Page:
Australia was Sandra Teague's dream trip. The 31-year old physical therapist was eagerly headed overseas on her own--to raft, trek and rock climb--because she was willing to try anything, friends said.
Teague, who worked at Georgetown University Hospital and lived in Fairfax, Va., spent the last year planning a three-week adventure Down Under, and she was aboard American Airlines Flight 77 when it smashed into the Pentagon.
"She took joy in everything--whether she was good at it or not," said Meris Chang, director of physical medicine and rehabilitation at the hospital. Chang recalled softball games with work colleagues where Teague would be on the mound. "She wasn't the greatest pitcher, but she had such a good time out there she was a joy to watch," Chang said.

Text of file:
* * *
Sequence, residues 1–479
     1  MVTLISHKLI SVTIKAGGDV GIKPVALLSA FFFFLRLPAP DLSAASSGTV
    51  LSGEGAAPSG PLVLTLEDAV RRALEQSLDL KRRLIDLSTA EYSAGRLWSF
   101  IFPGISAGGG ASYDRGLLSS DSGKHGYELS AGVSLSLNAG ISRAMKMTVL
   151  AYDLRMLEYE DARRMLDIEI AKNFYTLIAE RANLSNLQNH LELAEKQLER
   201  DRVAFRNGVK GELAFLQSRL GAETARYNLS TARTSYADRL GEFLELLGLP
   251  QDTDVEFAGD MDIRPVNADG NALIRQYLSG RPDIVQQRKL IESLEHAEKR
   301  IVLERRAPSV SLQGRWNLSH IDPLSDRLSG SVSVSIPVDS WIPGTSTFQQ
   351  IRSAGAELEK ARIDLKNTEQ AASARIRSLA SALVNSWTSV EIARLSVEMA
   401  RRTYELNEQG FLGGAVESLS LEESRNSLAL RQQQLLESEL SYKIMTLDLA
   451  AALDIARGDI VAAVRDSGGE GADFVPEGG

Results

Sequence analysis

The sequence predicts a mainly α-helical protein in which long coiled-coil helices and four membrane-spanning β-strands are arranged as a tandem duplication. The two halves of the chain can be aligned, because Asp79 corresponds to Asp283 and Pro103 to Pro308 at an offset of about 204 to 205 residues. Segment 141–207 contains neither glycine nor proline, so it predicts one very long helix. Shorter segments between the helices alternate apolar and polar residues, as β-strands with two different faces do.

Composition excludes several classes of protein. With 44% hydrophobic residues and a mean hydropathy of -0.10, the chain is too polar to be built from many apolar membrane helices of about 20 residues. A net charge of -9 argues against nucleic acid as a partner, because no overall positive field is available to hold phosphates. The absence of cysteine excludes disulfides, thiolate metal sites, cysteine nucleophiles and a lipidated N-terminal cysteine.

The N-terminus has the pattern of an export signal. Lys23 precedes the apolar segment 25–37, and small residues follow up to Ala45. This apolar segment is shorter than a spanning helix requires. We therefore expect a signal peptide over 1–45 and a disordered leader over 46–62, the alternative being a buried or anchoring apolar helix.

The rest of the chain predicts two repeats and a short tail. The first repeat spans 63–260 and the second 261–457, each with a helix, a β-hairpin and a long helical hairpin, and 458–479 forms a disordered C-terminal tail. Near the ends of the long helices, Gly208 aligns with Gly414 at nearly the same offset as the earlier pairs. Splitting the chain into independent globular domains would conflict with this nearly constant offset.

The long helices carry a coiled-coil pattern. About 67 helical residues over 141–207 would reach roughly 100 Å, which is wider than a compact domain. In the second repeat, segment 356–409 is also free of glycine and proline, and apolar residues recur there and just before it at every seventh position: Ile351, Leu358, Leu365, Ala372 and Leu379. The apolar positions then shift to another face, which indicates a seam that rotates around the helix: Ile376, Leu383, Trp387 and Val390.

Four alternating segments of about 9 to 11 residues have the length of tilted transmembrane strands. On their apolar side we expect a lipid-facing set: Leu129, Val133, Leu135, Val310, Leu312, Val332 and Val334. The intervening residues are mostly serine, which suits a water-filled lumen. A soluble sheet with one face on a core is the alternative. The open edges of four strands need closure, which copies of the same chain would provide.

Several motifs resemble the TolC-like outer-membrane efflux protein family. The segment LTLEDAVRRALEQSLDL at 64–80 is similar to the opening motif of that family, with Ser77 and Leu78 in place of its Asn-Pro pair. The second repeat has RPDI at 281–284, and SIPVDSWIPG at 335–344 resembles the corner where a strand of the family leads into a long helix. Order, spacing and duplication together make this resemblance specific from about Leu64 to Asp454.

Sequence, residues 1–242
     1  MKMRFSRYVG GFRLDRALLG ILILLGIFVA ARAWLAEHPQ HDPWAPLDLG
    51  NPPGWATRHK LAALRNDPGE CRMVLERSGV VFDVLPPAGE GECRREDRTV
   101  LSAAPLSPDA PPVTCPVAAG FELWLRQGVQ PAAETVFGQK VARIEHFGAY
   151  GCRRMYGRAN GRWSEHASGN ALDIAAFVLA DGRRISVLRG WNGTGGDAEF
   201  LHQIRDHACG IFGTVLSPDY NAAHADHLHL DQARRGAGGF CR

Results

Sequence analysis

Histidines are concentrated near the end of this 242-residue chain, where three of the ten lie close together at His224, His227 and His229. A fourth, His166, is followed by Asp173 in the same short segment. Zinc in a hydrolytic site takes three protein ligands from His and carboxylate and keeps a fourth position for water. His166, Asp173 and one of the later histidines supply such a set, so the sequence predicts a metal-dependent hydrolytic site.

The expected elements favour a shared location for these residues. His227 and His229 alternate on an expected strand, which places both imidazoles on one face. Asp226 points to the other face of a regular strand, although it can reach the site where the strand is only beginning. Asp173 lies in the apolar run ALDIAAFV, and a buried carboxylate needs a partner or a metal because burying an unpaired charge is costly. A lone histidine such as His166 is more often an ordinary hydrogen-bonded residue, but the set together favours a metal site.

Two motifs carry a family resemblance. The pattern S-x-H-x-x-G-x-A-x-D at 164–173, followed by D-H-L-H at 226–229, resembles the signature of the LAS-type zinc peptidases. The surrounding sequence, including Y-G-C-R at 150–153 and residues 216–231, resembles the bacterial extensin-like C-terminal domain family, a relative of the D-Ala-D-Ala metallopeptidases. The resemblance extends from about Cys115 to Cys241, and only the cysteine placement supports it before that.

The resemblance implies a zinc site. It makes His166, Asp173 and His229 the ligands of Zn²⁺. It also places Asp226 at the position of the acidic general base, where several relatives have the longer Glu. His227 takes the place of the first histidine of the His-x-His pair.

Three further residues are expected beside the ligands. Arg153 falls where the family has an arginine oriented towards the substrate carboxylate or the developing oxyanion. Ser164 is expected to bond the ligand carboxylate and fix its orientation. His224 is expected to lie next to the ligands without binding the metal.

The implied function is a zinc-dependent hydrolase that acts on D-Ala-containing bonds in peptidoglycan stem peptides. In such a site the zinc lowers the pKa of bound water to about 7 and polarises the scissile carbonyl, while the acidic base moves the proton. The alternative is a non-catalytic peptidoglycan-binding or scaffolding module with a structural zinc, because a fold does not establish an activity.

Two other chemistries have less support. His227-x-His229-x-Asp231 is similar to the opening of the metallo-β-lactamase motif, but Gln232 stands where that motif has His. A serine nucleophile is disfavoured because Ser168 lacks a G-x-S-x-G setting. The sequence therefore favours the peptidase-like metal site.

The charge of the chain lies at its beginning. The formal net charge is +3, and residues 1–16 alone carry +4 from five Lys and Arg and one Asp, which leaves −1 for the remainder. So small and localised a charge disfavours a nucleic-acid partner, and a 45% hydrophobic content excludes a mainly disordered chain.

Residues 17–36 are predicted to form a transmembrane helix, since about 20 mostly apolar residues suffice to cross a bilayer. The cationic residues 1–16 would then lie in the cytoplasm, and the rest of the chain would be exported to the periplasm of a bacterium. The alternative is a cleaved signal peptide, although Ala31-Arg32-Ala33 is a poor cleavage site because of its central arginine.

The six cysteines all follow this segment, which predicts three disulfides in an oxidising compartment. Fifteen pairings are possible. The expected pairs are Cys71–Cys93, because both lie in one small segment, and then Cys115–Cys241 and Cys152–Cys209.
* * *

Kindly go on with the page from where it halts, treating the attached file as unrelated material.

Teague's colleagues believed she was in the middle of one of the happiest years of her life. She was dating a man, was blossoming professionally and had formed solid friendships in a short period of time. Teague moved to the Washington area just last year. She had received her master's degree in physical therapy in 1988 from the University of Osteopathic Medicine and Health Sciences in Des Moines.
Memorial services for Teague in the hospital chapel in Georgetown drew an overflow crowd, Chang said. After hymns and a prayer, friends and family talked about a woman described as an "excellent clinician and a rising star," whose life, in many ways, was just beginning.
Profile courtesy of THE CHICAGO TRIBUNE.